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• Religious revivalism and social and
economic changes lead to reform
• Most reformers eventually enter
political arena.
• Greater political organization and
participation energizes reform
• As nation expands westward, part of
the competition for reform is over the
The Second Great
“Spiritual Reform From Within”
[Religious Revivalism]

Social Reforms & Redefining the

Ideal of Equality

Temperance Abolitionism Education

Asylum & Women’s

Penal Reform Rights
The Rise of Popular Religion
In France, I had almost always seen the
spirit of religion and the spirit of freedom
pursuing courses diametrically opposed to
each other; but in America, I found that they
were intimately united, and that they
reigned in common over the same country…
Religion was the foremost of the political
institutions of the United States.
-- Alexis de Tocqueville, 1832
“The Pursuit
of Perfection”
Antebellum America
“The Benevolent Empire”:
1825 - 1846
The “Burned-Over” District
in Upstate New York
Second Great Awakening
Revival Meeting
Charles G.
(1792 – 1895)
The ranges of tents, the fires,
reflecting light…; the candles
and lamps illuminating the
encampment; hundreds moving
to and fro…;the preaching,
praying, singing, and shouting,…
like the sound of many waters,
was enough to swallow up all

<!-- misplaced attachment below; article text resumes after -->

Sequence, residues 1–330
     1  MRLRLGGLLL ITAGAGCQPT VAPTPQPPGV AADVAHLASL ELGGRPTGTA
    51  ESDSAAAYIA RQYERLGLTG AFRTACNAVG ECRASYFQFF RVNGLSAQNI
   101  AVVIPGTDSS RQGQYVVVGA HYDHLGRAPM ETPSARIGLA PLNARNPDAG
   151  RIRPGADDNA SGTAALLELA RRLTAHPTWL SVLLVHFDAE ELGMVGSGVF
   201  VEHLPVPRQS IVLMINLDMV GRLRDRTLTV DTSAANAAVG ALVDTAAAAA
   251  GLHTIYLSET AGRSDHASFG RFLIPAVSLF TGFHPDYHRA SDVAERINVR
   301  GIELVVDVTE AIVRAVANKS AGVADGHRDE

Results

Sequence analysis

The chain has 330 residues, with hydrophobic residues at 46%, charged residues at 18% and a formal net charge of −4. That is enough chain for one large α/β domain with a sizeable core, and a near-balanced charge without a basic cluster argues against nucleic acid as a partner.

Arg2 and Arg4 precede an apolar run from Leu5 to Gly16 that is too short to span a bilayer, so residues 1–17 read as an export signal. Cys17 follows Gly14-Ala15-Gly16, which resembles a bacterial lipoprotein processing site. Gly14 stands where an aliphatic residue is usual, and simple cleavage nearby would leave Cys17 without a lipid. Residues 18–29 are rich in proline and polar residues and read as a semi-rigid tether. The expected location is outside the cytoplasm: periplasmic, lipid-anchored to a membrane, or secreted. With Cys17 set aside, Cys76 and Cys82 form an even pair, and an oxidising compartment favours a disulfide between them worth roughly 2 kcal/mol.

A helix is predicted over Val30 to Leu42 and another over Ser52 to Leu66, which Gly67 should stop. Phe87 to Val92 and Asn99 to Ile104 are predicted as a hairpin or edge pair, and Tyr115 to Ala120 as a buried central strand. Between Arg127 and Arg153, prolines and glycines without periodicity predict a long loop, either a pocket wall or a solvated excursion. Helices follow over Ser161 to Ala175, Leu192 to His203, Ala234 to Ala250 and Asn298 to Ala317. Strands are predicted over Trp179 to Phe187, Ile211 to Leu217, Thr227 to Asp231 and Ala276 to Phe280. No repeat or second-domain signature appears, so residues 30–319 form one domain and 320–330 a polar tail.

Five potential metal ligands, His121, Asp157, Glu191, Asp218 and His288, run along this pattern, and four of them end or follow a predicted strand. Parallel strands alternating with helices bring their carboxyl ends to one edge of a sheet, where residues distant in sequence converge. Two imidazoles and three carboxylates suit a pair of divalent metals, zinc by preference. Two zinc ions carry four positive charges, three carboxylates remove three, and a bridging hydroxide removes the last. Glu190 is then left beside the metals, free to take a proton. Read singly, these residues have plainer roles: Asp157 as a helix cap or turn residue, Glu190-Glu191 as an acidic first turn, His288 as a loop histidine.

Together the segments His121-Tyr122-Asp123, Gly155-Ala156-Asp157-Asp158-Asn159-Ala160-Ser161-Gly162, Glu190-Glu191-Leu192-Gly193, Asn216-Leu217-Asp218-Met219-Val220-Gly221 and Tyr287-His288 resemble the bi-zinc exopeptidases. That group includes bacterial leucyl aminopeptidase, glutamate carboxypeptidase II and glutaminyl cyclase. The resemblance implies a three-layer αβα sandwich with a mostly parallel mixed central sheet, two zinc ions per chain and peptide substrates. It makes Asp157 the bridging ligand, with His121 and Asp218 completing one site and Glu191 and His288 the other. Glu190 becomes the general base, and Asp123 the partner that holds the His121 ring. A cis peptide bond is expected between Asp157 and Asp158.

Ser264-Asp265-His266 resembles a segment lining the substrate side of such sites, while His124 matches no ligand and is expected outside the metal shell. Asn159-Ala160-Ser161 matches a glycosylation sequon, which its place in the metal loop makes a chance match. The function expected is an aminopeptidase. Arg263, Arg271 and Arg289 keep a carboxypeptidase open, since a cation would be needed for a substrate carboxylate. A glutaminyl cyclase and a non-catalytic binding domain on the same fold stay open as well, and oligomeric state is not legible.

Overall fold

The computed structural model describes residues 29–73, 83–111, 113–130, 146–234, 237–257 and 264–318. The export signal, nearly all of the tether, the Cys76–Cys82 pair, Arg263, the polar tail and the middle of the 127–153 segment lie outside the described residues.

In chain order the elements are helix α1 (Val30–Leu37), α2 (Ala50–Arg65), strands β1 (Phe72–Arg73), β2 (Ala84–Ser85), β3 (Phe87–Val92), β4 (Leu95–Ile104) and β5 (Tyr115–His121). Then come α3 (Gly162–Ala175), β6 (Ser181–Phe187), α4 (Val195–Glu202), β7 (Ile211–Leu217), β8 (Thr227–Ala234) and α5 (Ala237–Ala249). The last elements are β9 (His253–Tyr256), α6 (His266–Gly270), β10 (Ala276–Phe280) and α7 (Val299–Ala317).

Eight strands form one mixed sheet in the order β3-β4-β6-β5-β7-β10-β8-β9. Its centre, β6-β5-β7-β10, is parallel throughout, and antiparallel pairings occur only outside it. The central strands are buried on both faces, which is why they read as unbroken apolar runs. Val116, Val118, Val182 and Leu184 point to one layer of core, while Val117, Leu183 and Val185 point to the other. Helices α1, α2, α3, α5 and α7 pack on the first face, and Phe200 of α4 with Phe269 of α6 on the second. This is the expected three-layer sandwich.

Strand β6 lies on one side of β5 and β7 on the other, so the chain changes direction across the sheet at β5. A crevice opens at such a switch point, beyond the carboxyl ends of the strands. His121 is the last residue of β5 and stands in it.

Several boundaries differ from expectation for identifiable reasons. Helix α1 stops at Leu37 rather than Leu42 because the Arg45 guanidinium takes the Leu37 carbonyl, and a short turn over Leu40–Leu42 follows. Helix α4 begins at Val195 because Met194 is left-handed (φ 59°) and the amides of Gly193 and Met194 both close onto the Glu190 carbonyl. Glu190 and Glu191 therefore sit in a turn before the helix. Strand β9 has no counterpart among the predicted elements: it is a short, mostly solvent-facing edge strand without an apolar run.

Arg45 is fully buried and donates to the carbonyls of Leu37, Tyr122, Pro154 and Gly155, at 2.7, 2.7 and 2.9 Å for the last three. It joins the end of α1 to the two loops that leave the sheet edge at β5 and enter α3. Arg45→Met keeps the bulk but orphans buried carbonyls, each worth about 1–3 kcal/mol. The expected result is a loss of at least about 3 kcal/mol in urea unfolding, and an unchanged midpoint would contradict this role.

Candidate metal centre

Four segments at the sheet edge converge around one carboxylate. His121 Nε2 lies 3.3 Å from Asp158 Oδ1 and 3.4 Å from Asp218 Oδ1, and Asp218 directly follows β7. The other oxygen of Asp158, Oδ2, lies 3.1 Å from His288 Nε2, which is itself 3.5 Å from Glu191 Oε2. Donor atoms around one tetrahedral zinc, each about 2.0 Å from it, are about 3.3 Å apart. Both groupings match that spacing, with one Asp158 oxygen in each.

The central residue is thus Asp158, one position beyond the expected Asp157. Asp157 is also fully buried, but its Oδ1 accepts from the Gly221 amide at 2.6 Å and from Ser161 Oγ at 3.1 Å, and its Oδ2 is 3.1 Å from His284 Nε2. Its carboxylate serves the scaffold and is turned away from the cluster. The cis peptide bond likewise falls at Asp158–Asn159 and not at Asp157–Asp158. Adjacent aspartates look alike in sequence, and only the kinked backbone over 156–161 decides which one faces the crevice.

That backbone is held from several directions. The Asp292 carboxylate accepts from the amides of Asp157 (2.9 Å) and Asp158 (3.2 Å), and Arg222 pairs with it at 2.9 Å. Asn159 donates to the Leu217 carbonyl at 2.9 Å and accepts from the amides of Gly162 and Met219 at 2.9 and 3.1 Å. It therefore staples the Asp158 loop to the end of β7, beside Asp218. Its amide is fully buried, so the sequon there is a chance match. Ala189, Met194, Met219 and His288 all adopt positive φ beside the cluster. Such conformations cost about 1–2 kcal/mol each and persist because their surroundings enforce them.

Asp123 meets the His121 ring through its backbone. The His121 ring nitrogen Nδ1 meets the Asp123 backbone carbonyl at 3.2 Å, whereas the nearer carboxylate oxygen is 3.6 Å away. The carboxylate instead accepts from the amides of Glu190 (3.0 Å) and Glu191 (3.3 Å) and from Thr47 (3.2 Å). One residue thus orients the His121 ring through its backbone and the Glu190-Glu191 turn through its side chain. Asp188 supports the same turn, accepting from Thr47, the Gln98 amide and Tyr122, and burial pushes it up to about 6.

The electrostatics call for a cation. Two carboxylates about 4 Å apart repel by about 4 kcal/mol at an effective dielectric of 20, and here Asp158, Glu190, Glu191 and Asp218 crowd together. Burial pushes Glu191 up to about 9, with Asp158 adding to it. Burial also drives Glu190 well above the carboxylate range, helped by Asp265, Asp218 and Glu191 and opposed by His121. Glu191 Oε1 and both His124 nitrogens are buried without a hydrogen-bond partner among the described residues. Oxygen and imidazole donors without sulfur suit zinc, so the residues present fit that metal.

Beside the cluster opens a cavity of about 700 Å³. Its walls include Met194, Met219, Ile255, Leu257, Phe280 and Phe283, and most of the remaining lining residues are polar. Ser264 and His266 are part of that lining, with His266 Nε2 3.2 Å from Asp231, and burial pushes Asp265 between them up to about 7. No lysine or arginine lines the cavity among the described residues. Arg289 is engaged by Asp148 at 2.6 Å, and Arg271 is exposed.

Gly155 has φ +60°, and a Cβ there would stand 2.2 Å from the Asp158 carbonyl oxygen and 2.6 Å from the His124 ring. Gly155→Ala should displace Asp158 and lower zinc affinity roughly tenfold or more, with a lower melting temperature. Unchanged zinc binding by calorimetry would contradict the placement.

“soul-shaking” the powers of contemplation.
The Mormons
(The Church of Jesus Christ of Latter-Day Saints)

 1823  Golden
 1830  Book of
 1844  Murdered in
Carthage, IL

Joseph Smith
Violence Against Mormons
The Mormon “Trek”
The Mormons
(The Church of Jesus Christ of Latter-Day Saints)

 Deseret
 Salt Lake City,

Brigham Young
Mother Ann Lee (1736-1784)
The Shakers
If you will take up your crosses against the
works of generations, and follow Christ in the
regeneration, God will cleanse you from all

Remember the cries of those who are in need

and trouble, that when you are in trouble, God
may hear your cries.
If you improve in one talent, God will give
you more.
Shaker Meeting
Shaker Hymn

'Tis the gift to be simple, 'Tis the gift to be free,

'Tis the gift to come down where you ought to be,
And when we find ourselves in the place just right,
'Twill be in the valley of love and delight.

When true simplicity is gained

To bow and to bend we shan't be ashamed,
To turn, turn will be our delight,
'Till by turning, turning we come round right.
Shaker Simplicity & Utility
(European Romanticism)

Liberation from understanding and

the cultivation of reasoning.”

“Transcend” the limits of intellect

and allow the emotions, the SOUL,
to create an original relationship
with the Universe.
Transcendentalist Thinking
 Man must acknowledge a body of moral truths
that were intuitive and must TRANSCEND
mere sensational proof. Moral truths:
1. The infinite benevolence of God.
2. The infinite benevolence of nature.
3. The divinity of man.

 They instinctively rejected all secular authority

and the authority of organized churches and
the Scriptures, of law, or of conventions
(European Romanticism)

 Therefore, if man was divine, it would be

wicked that he should be held in slavery, or
his soul corrupted by superstition, or his mind
clouded by ignorance!!

 Thus, the role of the reformer was to restore

man to that divinity which God had endowed
Transcendentalist Intellectuals/Writers
Concord, MA

Ralph Waldo Henry David

Emerson Thoreau

Nature Resistance to Civil